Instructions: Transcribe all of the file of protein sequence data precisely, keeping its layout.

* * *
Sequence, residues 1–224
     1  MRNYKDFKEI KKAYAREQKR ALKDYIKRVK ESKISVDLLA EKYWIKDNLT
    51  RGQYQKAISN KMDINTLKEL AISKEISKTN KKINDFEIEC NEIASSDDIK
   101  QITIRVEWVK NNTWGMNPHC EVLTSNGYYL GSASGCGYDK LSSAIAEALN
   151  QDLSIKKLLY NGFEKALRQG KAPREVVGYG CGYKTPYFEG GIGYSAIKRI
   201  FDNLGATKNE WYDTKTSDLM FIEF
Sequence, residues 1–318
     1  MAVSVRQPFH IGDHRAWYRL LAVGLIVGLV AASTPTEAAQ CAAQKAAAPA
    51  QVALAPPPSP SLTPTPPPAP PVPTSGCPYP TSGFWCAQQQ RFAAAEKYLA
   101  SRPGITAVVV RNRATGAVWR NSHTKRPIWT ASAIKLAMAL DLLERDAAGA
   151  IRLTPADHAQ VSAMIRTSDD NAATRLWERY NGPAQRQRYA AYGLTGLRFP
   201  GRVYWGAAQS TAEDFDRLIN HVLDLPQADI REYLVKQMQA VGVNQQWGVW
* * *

Sequence, residues 1–224
     1  MRNYKDFKEI KKAYAREQKR ALKDYIKRVK ESKISVDLLA EKYWIKDNLT
    51  RGQYQKAISN KMDINTLKEL AISKEISKTN KKINDFEIEC NEIASSDDIK
   101  QITIRVEWVK NNTWGMNPHC EVLTSNGYYL GSASGCGYDK LSSAIAEALN
   151  QDLSIKKLLY NGFEKALRQG KAPREVVGYG CGYKTPYFEG GIGYSAIKRI
   201  FDNLGATKNE WYDTKTSDLM FIEF
Sequence, residues 1–318
     1  MAVSVRQPFH IGDHRAWYRL LAVGLIVGLV AASTPTEAAQ CAAQKAAAPA
    51  QVALAPPPSP SLTPTPPPAP PVPTSGCPYP TSGFWCAQQQ RFAAAEKYLA
   101  SRPGITAVVV RNRATGAVWR NSHTKRPIWT ASAIKLAMAL DLLERDAAGA
   151  IRLTPADHAQ VSAMIRTSDD NAATRLWERY NGPAQRQRYA AYGLTGLRFP
   201  GRVYWGAAQS TAEDFDRLIN HVLDLPQADI REYLVKQMQA VGVNQQWGVW